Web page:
Critical race theory in education provides an analysis of race through the following principles: (1) the centrality of race and racism and their relationships with other forms of subordination in education, (2) the challenge to dominant ideology that renders stereotypes and deficit thinking about low-income people of color obsolete, (3) the commitment to social justice in education and beyond, (4) the centrality of experiential knowledge, and (5) a transdisciplinary perspective (Ladson-Billings & Tate, 1995; Solorzano, 1997, 1998; Solorzano & Delgado Bernal, 2001; Solorzano & Ornelas, 2002, 2004; Solorzano & Yosso, 2001). This framework allows us to begin with a set of questions concerning the model minority and perpetual foreigner stereotypes and their connections with postracial discourse. We then focus on Asian Americans as the point of the analysis and critically examine the ways dominant racial ideologies are operative within education for this population.


The framework of critical race theory provides us with the analytic lens to recognize the permanence of the model minority thesis as central to the problems associated with interpretations about the academic achievements of Asian Americans. With this framework as the foundation for our research, we look to extend our theoretical understanding of the ways in which race is not only salient in the educational pipeline for Asian Americans, but also a reality even for those who may have obtained a high level of success. Critical race theory gives us the interpretive lens through which we understand how race has meanings for Asian Americans. It also helps us to best understand race in relation to other institutional experiences across gender, citizenship, and class, which have an intersectional influence on the educational attainment and earning power of Asian Americans (McCall, 2005).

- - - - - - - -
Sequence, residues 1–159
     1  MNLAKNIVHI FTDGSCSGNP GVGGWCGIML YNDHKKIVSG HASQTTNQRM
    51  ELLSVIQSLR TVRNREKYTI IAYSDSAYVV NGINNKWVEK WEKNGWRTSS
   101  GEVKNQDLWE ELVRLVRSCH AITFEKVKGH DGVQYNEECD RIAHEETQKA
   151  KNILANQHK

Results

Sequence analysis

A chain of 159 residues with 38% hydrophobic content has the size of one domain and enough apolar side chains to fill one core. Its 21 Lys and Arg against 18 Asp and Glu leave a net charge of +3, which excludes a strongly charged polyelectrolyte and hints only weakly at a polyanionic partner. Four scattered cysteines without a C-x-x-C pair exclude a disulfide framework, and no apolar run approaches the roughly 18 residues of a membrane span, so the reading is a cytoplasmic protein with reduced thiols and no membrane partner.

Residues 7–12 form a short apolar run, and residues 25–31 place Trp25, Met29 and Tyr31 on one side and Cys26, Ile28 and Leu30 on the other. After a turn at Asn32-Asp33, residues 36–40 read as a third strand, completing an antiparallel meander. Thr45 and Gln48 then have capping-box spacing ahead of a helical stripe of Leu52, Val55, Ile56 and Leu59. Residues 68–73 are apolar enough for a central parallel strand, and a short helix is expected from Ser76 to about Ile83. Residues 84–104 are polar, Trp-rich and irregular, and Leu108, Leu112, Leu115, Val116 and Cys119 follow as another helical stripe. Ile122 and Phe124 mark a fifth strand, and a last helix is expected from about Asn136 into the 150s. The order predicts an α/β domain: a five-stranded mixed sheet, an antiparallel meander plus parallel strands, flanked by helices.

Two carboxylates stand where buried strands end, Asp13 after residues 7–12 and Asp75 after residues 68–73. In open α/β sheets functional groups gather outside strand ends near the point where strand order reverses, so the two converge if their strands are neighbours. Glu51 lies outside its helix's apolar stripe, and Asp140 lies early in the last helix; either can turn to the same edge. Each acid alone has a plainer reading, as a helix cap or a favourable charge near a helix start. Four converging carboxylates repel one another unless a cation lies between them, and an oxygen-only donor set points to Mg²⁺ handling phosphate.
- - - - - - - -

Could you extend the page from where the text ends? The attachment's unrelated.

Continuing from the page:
To help us understand the depth and complexity of Asian Americans as a population, our analysis of their internal diversity is anchored in the theoretical frameworks of heterogeneity, hybridity, and multiplicity (Lowe, 1996). In her illuminations about the ways in which a particular identity is evoked in given social and historical situations, Lowe (1996) outlined her conceptual frameworks of heterogeneity, hybridity, and multiplicity as a way to identify and describe the existence of internal diversity within particular groups in a setting. Lowe defined heterogeneity as a way to indicate the existence of differences and differential relationships within a bounded category. In other words, the concept of heterogeneity points to the proximity of one’s social location, self-identification, and behaviors in relation to the rest of the larger population, as well as the institutional factors that shape relationships between preconstructed groups (McCall, 2005).


Moreover, Lowe (1996) defined hybridity as an identity constructed without having to assimilate to dominant norms, instead highlighting the historical relationships of domination and resistance. As such, dual identities, such as being an American of African descent, bring about a particular cultural sensibility about the history and current conditions with racism, and a hybrid identity that is created to distinguish a particular experience as different from members outside the African American identity. Last, Lowe defined multiplicity as the internal diversity due to individualized relationships with capitalism, patriarchy, and race relations. Lowe indicated that the utilization of these concepts to determine one’s relationship with his or her race and material conditions will foster a better understanding about the social location a person is situated in, within a continuum of power, social hierarchy, stratification, and marginalization.